Anyone looking at taking out a loan will notice that there are two rates that appear – an interest rate and a comparison rate. While most people understand the purpose of the interest rate, it can be confusing to comprehend how it differs from the comparison rate. Let’s break it down to properly understand the difference.

First, what is the difference?

There’s one key difference that is important to keep in mind when you’re talking about an interest rate versus a comparison rate. An interest rate is the amount of interest due per period (generally calculated on an annual basis). On the other hand, a comparison rate provides an overview of the actual cost of a loan, so it takes into account the interest rate as well as a number of additional, unavoidable fees1 that are always incurred when taking out a loan.

Why must a comparison rate be included?

As a legal requirement of advertising, any time an interest rate is promoted, a comparison rate must accompany it1. This is a law that all lenders must comply with.

Pros of a comparison rate

Unlike an interest rate, a comparison rate provides more information so you can make a more informed decision about which loan has the best rate. In most cases, a comparison rate will account for application, pre-approval, legal, settlement and monthly or annual service fees1.

When it comes to comparing loans, you don’t just want to consider the interest rate. There are many situations where the interest rate could be really great but the comparison rate is significantly higher. If you disregard the comparison rate, you could get a shock when you start to see just how much the loan will cost you straight off the bat.

A comparison rate might be a legal requirement of advertising, but it’s also a handy tool to use, so pay close attention to it.

Cons of a comparison rate

There are a few things to be aware of when considering a comparison rate, as it doesn’t account for absolutely everything. While unavoidable fees are incorporated into the rate, there are some fees that aren’t, namely those that are dependent on your individual situation. For instance, government fees (such as stamp duty for residential loans) and lenders mortgage insurance (also only applicable on residential loans) are not accounted for in a comparison rate1. Ensure you take note of these extra fees and factor them into your decision.

It's also important to be mindful of how the comparison rate doesn’t consider that the interest rate is subject to change over time. As we all know, interest rates can fluctuate greatly, so it can be hard to account for this factor when calculating a comparison rate. This means lenders will use the rate as it is at the time of taking out the loan to determine what the comparison rate is1. While factoring the comparison rate into your decision is handy, you also shouldn’t solely rely on it to give you the most reliable information.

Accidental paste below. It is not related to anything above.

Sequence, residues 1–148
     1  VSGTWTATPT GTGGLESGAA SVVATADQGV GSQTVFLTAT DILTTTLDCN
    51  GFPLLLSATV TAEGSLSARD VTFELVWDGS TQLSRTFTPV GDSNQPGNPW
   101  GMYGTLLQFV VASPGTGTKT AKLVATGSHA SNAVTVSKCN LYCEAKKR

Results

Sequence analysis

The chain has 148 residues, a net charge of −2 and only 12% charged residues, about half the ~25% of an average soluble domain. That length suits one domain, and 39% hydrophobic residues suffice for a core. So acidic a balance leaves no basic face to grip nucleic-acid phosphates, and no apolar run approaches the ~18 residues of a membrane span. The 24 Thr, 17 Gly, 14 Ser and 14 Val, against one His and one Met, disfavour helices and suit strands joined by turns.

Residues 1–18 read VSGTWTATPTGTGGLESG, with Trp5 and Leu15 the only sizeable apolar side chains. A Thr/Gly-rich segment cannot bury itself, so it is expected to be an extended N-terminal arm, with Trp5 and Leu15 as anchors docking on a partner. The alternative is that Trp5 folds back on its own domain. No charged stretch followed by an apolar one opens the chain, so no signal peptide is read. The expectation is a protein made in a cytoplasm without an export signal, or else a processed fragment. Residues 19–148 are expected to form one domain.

Evidently, a comparison rate does not take into account each individual’s personal financial situation. One thing you should keep in mind and may not be aware of is that lenders will calculate a comparison rate off a certain loan amount, which is often always significantly lower than the amount most people borrow. All of these factors are always acknowledged when a comparison rate is quoted, so don’t forget to check the fine print – this will help you determine how much weight you give the comparison rate when it comes to making your final decision.

Moral of the story

When it comes to deciding which loan offers the best deal, keep all of this information in mind, but don’t let the comparison rate be the sole factor that dictates your decision. After all, taking out a loan is a big decision so you want to take everything into consideration.


General Advice Warning: This information is intended to be general in nature and is not personal financial advice. It does not take into account your objectives, financial situation or needs. Before acting on any information in this article, you should consider the appropriateness of the information provided. In particular, you should seek independent financial advice.


1Niko Iliakis, 2022, What is a comparison rate and how is it calculated, Mozo,